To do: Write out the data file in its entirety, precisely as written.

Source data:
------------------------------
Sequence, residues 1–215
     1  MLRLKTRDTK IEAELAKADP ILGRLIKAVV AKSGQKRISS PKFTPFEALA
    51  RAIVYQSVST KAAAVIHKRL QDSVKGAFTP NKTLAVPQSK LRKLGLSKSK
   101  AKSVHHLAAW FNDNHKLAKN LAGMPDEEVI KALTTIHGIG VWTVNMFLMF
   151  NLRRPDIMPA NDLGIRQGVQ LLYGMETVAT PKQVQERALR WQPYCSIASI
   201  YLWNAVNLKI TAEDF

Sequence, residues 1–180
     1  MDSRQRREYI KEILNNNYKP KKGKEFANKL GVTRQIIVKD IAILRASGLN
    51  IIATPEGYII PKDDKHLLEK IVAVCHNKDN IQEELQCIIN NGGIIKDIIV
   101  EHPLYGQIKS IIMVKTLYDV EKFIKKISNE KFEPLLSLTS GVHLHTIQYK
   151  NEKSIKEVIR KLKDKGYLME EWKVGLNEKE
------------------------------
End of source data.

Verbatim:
Sequence, residues 1–215
     1  MLRLKTRDTK IEAELAKADP ILGRLIKAVV AKSGQKRISS PKFTPFEALA
    51  RAIVYQSVST KAAAVIHKRL QDSVKGAFTP NKTLAVPQSK LRKLGLSKSK
   101  AKSVHHLAAW FNDNHKLAKN LAGMPDEEVI KALTTIHGIG VWTVNMFLMF
   151  NLRRPDIMPA NDLGIRQGVQ LLYGMETVAT PKQVQERALR WQPYCSIASI
   201  YLWNAVNLKI TAEDF

Sequence, residues 1–180
     1  MDSRQRREYI KEILNNNYKP KKGKEFANKL GVTRQIIVKD IAILRASGLN
    51  IIATPEGYII PKDDKHLLEK IVAVCHNKDN IQEELQCIIN NGGIIKDIIV
   101  EHPLYGQIKS IIMVKTLYDV EKFIKKISNE KFEPLLSLTS GVHLHTIQYK
   151  NEKSIKEVIR KLKDKGYLME EWKVGLNEKE